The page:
This is not de’ja-vu. I’m posting about New Look 6762 again, but View E this time for the top. See, I left my favorite navy blue top at the coast and wanted to wear it to work tomorrow. I had some fabulous navy blue jersey I got at Hancock Fabrics a few weeks ago in my stash, so I made myself a new top this morning. (Seriously, how cool is that?!)As always, I dry iron the pattern pieces flat so the cutting lines measure as close to the designer’s original as possible.I held up the pattern to myself and decided that I’d add 1-3/4″ to the length. I’m tall and high waisted so I like a bit of length in my tops. I cut the front and back pattern pieces on the lengthen/shorten line and then measured out a couple of extra paper pieces to add the additional length.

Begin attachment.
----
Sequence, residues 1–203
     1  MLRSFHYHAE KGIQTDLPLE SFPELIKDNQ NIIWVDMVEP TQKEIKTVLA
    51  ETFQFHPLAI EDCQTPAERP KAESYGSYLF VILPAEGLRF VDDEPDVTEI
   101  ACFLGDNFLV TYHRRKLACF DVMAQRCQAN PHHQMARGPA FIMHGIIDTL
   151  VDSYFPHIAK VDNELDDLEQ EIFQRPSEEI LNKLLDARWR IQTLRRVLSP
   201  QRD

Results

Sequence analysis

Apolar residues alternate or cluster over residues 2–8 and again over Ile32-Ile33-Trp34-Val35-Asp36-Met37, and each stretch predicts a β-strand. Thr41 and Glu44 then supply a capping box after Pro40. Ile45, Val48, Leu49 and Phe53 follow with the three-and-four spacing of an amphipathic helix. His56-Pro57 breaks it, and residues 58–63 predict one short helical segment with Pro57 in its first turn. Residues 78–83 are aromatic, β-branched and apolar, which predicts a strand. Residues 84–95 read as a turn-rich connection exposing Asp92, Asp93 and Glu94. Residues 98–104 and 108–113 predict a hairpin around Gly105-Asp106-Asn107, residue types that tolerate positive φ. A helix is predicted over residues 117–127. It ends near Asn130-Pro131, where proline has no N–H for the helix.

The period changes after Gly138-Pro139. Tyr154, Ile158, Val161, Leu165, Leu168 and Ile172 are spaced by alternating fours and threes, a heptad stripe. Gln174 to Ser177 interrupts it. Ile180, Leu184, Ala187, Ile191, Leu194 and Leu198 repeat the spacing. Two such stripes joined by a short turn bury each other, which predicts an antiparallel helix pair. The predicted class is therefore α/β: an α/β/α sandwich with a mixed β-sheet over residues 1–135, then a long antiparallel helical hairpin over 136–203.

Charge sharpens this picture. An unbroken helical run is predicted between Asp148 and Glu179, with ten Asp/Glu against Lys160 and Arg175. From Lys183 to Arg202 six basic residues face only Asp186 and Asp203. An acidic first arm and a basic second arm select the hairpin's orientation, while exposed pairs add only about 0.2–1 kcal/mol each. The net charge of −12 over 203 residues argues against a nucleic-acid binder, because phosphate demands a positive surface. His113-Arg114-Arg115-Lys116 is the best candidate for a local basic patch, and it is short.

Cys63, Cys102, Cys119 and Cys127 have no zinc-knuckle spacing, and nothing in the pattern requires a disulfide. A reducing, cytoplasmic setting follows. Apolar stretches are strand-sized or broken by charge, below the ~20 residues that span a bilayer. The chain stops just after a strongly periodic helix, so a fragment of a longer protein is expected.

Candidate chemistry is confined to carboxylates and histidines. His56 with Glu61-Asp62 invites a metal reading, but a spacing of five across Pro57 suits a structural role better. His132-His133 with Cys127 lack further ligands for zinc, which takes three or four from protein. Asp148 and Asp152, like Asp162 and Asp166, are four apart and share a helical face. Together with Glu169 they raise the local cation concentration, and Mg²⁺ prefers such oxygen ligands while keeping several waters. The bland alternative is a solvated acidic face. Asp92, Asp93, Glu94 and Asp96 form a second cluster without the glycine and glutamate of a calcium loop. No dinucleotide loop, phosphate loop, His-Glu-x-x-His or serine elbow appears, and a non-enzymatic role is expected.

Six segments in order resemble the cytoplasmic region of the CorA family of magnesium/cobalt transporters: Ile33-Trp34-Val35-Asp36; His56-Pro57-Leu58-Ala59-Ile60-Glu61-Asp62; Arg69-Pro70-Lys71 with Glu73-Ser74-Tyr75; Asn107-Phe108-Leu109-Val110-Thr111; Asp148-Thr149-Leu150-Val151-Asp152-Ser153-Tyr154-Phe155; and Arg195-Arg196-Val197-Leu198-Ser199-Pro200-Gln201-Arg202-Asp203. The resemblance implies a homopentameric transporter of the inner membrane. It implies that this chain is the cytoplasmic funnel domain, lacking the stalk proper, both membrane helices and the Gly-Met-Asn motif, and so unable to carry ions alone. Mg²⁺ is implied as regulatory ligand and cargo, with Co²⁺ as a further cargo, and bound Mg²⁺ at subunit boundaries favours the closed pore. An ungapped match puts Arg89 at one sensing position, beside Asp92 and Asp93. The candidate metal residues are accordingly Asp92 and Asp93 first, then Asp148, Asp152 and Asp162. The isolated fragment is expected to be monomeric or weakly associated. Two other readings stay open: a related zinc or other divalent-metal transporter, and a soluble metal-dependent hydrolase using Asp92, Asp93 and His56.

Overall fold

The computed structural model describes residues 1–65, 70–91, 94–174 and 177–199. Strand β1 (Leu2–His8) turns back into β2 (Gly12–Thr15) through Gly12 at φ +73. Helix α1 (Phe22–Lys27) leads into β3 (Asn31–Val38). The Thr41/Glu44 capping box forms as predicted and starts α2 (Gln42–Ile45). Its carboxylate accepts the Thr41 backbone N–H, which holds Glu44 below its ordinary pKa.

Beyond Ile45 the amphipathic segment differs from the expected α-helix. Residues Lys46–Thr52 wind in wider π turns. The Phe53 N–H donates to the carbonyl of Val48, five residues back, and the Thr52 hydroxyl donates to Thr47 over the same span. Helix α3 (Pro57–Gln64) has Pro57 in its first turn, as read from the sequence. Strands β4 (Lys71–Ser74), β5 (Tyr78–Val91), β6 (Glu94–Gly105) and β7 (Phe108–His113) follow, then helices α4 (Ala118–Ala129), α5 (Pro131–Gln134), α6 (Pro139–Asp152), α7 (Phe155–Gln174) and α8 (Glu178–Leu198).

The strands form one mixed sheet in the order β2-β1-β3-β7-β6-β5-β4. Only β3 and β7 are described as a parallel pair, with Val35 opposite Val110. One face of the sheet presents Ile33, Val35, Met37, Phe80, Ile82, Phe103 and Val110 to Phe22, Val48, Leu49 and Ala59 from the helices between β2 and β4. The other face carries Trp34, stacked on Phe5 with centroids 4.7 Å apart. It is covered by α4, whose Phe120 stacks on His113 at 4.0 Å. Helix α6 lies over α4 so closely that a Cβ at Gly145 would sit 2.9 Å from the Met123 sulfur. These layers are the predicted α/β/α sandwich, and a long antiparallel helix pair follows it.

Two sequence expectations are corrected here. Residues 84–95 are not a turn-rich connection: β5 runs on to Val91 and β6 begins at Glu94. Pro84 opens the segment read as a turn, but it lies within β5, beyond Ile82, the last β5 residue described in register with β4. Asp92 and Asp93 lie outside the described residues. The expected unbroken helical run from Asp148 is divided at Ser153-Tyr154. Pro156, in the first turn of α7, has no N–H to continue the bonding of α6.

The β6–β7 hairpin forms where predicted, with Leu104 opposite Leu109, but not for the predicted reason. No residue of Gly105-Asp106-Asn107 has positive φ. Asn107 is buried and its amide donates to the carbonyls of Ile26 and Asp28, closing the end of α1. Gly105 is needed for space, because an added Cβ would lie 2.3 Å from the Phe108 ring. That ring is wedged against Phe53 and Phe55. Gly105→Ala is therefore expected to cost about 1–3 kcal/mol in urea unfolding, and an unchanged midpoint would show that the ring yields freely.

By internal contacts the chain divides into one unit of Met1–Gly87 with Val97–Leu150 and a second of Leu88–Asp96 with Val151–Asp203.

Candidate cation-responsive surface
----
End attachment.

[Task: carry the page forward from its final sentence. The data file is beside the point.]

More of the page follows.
When adding length, I don’t get all obsessive about cutting exactly on the lengthen/shorten lines but instead make sure that the printed line matches up with my drawn line on the paper.If needed, I true-up the new cutting line with my designer’s curve.I’m loving my new hardware-store-washer pattern weights! I prefer to cut my fabric, especially knits, with a rotary cutter. Some seamstresses freak out about a rotary cutter, but to me they are so much more accurate. Sometimes with scissors, I get that jagged edge where the scissors were repositioned and I’m not comfortable with having to lift the fabric off the table to cut it. Rotary cutting prevents that completely.This was the first time I’d ever sewn a raglan sleeve. It was kind of weird going in because the top of the sleeve blends in with the neckline vs. the shoulder like a regular set-in sleeve. The instructions to make this top only had 9 steps. Nine! It was so easy to put together. Here it is finished on Betsy, my duct tape dress mannequin. Betsy, as in Betsy McCall. Making her was a hoot and her total cost was $12! I’ll have to post about how she came to be some time.I topstitched the sleeves, hem, and neckline with a double needle. I see I’ve got some threads along the neckline I need to clean up. There’s a little wonky rippling there on the neckline too. Maybe it will lay down after it’s washed, but if I make this again, I’ll cut the neck band on the bias instead of the straight of grain like the pattern said. Truthfully, I should have seen that one coming. But it doesn’t bother me enough to take it apart and do it over. Here it is worn!And I’m on my tippy toes so you can see the length. That look on my face is me trying not to fall over! Ha! All ready for work tomorrow!